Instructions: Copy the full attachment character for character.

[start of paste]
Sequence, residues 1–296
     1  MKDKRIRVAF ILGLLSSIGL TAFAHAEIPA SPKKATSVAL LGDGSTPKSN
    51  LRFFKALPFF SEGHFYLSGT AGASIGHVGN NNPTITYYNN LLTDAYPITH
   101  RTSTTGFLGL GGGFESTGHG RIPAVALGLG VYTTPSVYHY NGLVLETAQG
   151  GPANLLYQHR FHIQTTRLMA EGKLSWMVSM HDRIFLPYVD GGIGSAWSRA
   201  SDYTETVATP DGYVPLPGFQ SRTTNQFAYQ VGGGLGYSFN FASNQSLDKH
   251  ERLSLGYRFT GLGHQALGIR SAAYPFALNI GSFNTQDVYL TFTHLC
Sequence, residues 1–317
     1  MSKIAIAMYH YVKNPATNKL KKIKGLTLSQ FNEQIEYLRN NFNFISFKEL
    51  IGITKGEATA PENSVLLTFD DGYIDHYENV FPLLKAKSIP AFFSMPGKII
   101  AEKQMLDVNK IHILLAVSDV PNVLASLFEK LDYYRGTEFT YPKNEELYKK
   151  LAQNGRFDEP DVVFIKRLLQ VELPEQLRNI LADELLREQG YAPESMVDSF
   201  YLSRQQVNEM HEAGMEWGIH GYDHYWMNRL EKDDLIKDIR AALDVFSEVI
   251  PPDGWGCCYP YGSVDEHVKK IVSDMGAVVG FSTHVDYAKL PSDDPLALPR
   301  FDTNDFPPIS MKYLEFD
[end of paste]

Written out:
Sequence, residues 1–296
     1  MKDKRIRVAF ILGLLSSIGL TAFAHAEIPA SPKKATSVAL LGDGSTPKSN
    51  LRFFKALPFF SEGHFYLSGT AGASIGHVGN NNPTITYYNN LLTDAYPITH
   101  RTSTTGFLGL GGGFESTGHG RIPAVALGLG VYTTPSVYHY NGLVLETAQG
   151  GPANLLYQHR FHIQTTRLMA EGKLSWMVSM HDRIFLPYVD GGIGSAWSRA
   201  SDYTETVATP DGYVPLPGFQ SRTTNQFAYQ VGGGLGYSFN FASNQSLDKH
   251  ERLSLGYRFT GLGHQALGIR SAAYPFALNI GSFNTQDVYL TFTHLC
Sequence, residues 1–317
     1  MSKIAIAMYH YVKNPATNKL KKIKGLTLSQ FNEQIEYLRN NFNFISFKEL
    51  IGITKGEATA PENSVLLTFD DGYIDHYENV FPLLKAKSIP AFFSMPGKII
   101  AEKQMLDVNK IHILLAVSDV PNVLASLFEK LDYYRGTEFT YPKNEELYKK
   151  LAQNGRFDEP DVVFIKRLLQ VELPEQLRNI LADELLREQG YAPESMVDSF
   201  YLSRQQVNEM HEAGMEWGIH GYDHYWMNRL EKDDLIKDIR AALDVFSEVI
   251  PPDGWGCCYP YGSVDEHVKK IVSDMGAVVG FSTHVDYAKL PSDDPLALPR
   301  FDTNDFPPIS MKYLEFD